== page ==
For some reason, when Majestic does throwback pullovers, they ALWAYS get the collar wrong. This collar is too wide, and the red stripe is WAY too wide. Other than that, it’s a pretty good job.

This is a fun time of year to make customs… All of the All-Star festivities, plus players getting traded before the July 31’s deadline. I’ll be back with more next Sunday!

Four Vintage All-Star Rookies

Brian over at Highly Subjective and Completely Arbitrary has had a series of posts about the Topps All-Star Rookie Team as highligted on cards from 1960 to 1970 (so far). So inspired was I by these posts that I went out and bought a bunch of 1960’s All-Star Rookie cards during my recent COMC binge.

Rather than get into their rookie seasons and general career trajectory, I’ll just list some interesting facts about each player.

1961 Topps Tony Curry
Tony Curry was the second-ever Major Leaguer from the Bahamas (there have been six to date, with Antoan Richardson being the most recent). He played 95 games for the Phillies in 1960, but only 15 in 1961 and 19 in 1966 with Cleveland.

1962 Topps Charlie Smith
Charley Smith was already something of a journeyman by the time this card came out.  He broke in with the Dodgers in 1960, was traded to the Phillies in May, 1961 and, as the front of his card indicates, was traded in late 1961 to the White Sox.  This is his rookie card.

Here’s a notable fact for you:  Smith was traded to the Yankees straight-up for Roger Maris.  This happened late in 1966.  Yankee fans were not happy about the trade.  Smith also played with the Cardinals (who got Maris) and the Mets.

1966 Topps Marcelino Lopez

It’s a little hard to read the white letters against lavender, but this is Marcelino Lopez.  Lopez was a Cuban who debuted with the Phillies in 1963, at the tender young age of 19… but he didn’t establish himself until 1965 with the Angels.  That year Lopez went 14-13 with a 2.93 ERA and finished second to Curt Blefary in A.L. Rookie of the Year voting.  He’d stick around with the Orioles, Brewers and Indians until 1972.

1968 Topps Tim Cullen

Tim Cullen was involved in an interesting pair of transactions in 1968.  That February, he was involved in a six-player trade that sent him from the Senators to the White Sox.  That August, he was traded back to the Senators for Ron Hansen, another player involved in that same February trade.  Aside from the Senators and White Sox, he also played for the A’s at the end of his MLB career.

Now that the initial wave of enthusiasm has subsided, I’m not quite as gung ho about collecting all of these All-Star-Rookie-trophy-bearing cards, but I would like to get more.  I’d currently rate this level of want as “An excuse to get more vintage commons”.

…and I do have more of these to share, but they’ll wait for another day.

ShlabotNotes:

On Wednesday, I featured an “April Fools” Mike Piazza card from Sports Illustrated For Kids. Here it is again:

1999 SI for Kids Series 4 Mike Piazza

There was enough interest in knowing what other cards were featured in that April, 1999 issue that I did a little digging and found all 9 cards April Fools’ Day cards on that issue’s sheet:

784 – Piazza wearing goalie equipment
785 – David Robinson dunking a soccer ball
786 – Michelle Kwan with inline skates
787 – Sheryl Swoopes in Wonderland (giant ball)
788 – John Elway throwing Cream Pies
789 – Pete Sampras playing with a ping pong paddle
790 – Mark McGwire playing for the Cubs
791 – Jerry Rice juggling footballs
792 – Paul Kariya with real ducks

“Piazzas A’Plenty” …or… “There’s Something Fishy Here”

I suppose “Plenty” isn’t quite the right word, since I’m only showcasing three cards…but dammit, man! There’s alliteration at stake here!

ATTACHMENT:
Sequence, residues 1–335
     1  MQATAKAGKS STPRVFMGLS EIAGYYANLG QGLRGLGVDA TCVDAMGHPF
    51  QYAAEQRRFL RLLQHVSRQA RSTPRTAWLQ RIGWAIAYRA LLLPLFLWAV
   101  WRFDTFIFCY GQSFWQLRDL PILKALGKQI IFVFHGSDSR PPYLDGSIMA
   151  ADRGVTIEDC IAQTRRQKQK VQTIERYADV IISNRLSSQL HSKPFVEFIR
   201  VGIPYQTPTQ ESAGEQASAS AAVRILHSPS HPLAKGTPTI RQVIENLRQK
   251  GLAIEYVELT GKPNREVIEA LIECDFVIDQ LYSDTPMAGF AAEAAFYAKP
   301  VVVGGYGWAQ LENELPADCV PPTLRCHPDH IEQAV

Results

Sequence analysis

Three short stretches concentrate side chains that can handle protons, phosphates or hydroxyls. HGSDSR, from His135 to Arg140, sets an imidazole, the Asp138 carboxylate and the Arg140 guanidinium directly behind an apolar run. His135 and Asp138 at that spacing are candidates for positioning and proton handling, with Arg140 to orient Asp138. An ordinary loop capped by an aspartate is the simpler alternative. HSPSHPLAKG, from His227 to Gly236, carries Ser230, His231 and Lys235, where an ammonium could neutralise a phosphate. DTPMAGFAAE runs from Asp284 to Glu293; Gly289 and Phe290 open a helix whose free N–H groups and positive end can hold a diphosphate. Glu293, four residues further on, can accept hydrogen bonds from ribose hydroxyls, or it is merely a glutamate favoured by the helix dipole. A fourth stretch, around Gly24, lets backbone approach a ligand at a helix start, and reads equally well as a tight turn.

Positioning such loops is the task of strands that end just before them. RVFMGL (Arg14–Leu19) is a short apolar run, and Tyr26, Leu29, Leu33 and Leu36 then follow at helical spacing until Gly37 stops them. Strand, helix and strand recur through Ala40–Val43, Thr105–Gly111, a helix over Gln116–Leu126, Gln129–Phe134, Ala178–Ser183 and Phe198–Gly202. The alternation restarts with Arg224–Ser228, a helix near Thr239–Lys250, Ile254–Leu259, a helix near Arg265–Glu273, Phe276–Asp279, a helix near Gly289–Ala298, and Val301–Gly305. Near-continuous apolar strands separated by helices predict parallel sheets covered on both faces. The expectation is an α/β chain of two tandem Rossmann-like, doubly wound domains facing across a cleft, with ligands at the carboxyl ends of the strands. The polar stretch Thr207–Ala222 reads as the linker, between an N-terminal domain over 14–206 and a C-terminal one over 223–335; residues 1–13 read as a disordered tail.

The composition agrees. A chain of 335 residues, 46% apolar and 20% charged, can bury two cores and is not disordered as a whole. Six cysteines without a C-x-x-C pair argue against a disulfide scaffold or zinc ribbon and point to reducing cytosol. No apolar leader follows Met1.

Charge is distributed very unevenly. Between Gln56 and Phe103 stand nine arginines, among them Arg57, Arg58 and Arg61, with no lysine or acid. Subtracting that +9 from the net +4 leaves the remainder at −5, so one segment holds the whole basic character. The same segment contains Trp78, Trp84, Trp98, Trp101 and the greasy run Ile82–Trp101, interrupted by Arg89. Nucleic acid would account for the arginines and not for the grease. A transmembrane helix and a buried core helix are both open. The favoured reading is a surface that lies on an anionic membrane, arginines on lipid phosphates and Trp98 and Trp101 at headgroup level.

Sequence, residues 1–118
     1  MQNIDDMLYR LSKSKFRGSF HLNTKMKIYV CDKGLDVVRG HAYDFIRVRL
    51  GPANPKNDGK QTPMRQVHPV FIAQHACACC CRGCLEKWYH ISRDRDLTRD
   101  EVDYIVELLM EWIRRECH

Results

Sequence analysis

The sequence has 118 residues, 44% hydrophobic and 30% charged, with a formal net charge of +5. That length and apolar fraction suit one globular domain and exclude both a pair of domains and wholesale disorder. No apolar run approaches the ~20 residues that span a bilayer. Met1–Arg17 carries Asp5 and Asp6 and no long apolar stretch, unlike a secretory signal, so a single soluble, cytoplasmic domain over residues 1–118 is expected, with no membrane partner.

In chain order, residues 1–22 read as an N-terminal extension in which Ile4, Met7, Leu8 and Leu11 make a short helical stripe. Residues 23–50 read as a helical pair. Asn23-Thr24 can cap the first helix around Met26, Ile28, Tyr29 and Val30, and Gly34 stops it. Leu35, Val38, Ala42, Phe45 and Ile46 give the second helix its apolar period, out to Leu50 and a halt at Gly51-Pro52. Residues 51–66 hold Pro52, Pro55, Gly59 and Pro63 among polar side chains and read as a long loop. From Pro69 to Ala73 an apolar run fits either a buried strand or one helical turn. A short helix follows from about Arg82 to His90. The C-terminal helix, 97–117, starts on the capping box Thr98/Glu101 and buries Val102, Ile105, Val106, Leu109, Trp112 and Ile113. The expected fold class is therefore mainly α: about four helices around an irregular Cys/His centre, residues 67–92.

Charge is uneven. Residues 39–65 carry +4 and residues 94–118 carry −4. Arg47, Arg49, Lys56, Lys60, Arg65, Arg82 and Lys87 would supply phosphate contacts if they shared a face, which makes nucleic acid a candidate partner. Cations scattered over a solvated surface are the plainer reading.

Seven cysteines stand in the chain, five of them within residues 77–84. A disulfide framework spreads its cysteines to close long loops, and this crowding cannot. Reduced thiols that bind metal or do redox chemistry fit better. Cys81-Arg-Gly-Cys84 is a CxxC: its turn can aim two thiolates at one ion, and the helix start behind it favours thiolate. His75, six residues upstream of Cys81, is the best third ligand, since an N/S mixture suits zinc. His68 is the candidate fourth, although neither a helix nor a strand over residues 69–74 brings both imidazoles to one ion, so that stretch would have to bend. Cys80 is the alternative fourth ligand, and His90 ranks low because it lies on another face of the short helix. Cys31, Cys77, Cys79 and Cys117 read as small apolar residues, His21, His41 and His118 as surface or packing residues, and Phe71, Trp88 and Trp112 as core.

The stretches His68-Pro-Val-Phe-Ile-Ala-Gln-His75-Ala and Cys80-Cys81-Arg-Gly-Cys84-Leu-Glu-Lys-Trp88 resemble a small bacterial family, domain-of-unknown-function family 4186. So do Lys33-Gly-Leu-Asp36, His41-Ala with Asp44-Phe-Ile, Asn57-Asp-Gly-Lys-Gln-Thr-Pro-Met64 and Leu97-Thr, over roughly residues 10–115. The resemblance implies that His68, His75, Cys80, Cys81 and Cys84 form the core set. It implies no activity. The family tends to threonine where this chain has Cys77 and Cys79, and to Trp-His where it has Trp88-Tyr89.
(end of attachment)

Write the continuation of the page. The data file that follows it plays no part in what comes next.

For those who didn’t know, Hall-Of-Famer Mike Piazza was a Florida Marlin for about a week. In a trade designed to help the Marlins in their 1998 Fire Sale – and how sad is it that just saying “Marlins Fire Sale” isn’t specific enough? – the fish traded Gary Sheffield, Bobby Bonilla, Charles Johnson, Jim Eisenreich and Manuel Barrios (who’s MLB career ended up being 6.2 innings pitched) to the Dodgers for Piazza and Todd Zeile. Piazza was in his walk year, so the Marlins figured on either flipping Piazza for prospects or letting him walk.

Piazza’s days with the Marlins did get immortalized on cardboard, and I recently realized that I didn’t have any of those cards, so I took steps to rectify that situation.

First up is a 1998 Upper Deck card; this one is a variation that’s actually numbered as card #681a.
1998 Upper Deck 681a Mike Piazza
Card #681 without the “a” showed Piazza with the Mets. He also had a card in Series 1 which showed him with the Dodgers.

Here’s the back of the UD card:
1998 Upper Deck 681a Mike Piazza back

Like Upper Deck, Fleer Tradition also featured Piazza with all three teams he played for that season. Unlike UD, all three were base cards.
1998 Fleer Mike Piazza
There are other cards featuring Piazza with the Marlins, but I think I’m good with these two.
1998 Fleer Mike Piazza back

After his week with the Marlins, Piazza did get traded for prospects… The Mets gave up their #1 pick (6th overall) from 1977 (Geoff Goetz), an outfield prospect (and Mookie Wilson’s stepson) in Preston Wilson, and pitcher Ed Yarnall. Preston Wilson easily had the best career of the three, playing 10 years and leading the NL in RBI in 2003 (while with the Rockies).  Goetz, possibly the best prospect of the three, never made it past AA.

I recently got another card of Piazza, and while it doesn’t show him with the Marlins, there is something fishy about it… It might help to know that this came from the April, 1999 issue of Sports Illustrated For Kids.
1999 SI for Kids Series 4 Mike Piazza

The back of the card comes clean about April Fools Day, and explains that in all his flying between L.A., Miami and New York the previous year, Piazza’s luggage got mixed up with that of hockey goalie Dominik Hasek.
1999 SI for Kids Series 4 Mike Piazza back
…But there’s no mention of how Hasek did wearing Piazza’s catcher gear, not did Hasek appear to get his own card.